Imagine you're a freshman at Crammer Nation University, and that Greek Life rush has just begun. You just called it quits on your high school relationship, so you’re looking to hop right into the college action. So, you download Tinder.

You hear through the grapevine that the brothers of Sigma Apple Pi are pushing some absolute numbers on Tinder… claiming to get an average of 25 matches per day. Before you completely ignore every other fraternity and solely rush Sigma Apple Pi for their Tinder clout, you want to gather some data to determine if this claim holds its weight.

You decide to ask 30 random Sigma Apple Pi brothers for their average Tinder matches per day. Keep in mind: you’re not checking to see if every brother has *exactly* 25 average Tinder matches per day… there’s obviously going to be some wiggle-room. However, if the brothers’ average Tinder matches are consistently below 25… there’s a chance Sigma Apple Pi doesn’t have as much Tinder game as they claim.

In this situation, you’ve essentially set up a hypothesis test!

Hypothesis testing is a way to **test a claim** about a given population. It enables you to determine whether or not an outcome of a given sample was due to **random chance** or was **statistically significant**.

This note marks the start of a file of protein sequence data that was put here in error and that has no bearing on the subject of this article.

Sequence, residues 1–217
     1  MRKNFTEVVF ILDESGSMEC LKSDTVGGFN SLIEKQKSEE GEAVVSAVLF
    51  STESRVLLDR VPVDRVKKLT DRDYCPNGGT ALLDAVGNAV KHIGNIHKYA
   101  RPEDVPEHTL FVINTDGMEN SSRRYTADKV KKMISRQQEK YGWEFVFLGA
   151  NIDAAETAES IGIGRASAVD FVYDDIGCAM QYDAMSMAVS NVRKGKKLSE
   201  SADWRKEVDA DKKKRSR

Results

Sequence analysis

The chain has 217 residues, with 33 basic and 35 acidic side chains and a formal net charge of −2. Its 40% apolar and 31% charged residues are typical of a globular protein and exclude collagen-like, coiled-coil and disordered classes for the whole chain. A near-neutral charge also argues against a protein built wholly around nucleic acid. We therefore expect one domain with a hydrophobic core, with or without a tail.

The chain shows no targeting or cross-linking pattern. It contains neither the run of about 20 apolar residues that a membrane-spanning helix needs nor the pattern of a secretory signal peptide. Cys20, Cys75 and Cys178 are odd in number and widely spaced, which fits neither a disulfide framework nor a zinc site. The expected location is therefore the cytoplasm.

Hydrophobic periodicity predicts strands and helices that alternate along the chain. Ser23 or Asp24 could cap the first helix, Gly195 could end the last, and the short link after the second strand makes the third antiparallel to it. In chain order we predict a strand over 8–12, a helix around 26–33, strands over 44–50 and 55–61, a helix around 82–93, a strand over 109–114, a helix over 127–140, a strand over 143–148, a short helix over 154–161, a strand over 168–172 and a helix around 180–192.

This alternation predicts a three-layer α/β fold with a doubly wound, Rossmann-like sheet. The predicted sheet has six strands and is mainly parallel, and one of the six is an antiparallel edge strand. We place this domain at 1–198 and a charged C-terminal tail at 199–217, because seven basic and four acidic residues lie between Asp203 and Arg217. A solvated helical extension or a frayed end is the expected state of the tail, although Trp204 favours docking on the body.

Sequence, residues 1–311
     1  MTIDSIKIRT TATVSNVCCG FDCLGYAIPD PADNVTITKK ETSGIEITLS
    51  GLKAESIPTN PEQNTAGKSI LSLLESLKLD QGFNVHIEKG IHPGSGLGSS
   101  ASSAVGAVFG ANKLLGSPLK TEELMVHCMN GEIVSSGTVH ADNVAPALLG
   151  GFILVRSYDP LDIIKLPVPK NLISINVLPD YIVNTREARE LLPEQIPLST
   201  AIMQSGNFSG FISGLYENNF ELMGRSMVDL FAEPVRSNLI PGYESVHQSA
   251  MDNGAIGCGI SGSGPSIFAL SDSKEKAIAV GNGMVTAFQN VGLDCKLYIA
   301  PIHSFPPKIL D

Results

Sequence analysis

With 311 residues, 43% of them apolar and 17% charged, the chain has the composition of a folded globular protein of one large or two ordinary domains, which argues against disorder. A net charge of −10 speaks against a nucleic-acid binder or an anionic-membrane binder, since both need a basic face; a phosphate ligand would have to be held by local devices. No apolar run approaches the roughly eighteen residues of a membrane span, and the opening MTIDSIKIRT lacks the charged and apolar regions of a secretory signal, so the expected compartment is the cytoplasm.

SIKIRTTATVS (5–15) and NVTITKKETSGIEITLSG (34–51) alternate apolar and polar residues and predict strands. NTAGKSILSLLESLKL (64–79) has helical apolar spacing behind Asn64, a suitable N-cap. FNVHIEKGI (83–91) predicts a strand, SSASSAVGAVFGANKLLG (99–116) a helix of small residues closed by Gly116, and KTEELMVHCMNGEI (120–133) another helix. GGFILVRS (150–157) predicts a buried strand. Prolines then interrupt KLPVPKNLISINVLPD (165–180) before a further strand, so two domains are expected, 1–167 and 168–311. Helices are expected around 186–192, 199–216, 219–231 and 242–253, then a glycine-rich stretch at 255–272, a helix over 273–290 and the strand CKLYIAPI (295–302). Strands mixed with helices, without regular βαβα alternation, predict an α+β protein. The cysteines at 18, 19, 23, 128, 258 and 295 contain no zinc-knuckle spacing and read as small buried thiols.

What’s the population in this situation? The brothers of Sigma Apple Pi.

What’s the sample? The 30 brothers that you sampled.

What’s the claim that you’re testing? That the brothers of Sigma Apple Pi actually get on average 25 Tinder matches per day.

## The outcome of every hypothesis test

Without digging into the math yet, there's two potential conclusions our hypothesis test will come to based on our sample.

**We do have enough evidence to reject**Sigma Apple Pi's claim of 25 average Tinder matches per day.**We don't have enough evidence to reject (a.k.a. "fail to reject")**Sigma Apple Pi's claim of 25 average Tinder matches per day.

To arrive to either of the above two solutions, there's 4 crucial steps that we'll take:

- State the
**hypotheses** - Calculate the
**test statistic** - Find the
**p-value** - Make your
**concluding statement**

Let's dig into the key elements of each step!

## Step 1 - State the hypotheses

There will be two hypotheses that you need to state in any hypothesis test problem. (1) The null hypothesis and (2) the alternative hypothesis.

Each of these hypotheses will be making a claim about the *population* parameter (**µ** or **p**). We will not make claims about the *sample* parameter (**x-bar** or **p-hat**), because the whole point of us taking the sample is to figure out if we have enough evidence to support a claim made about the *population*!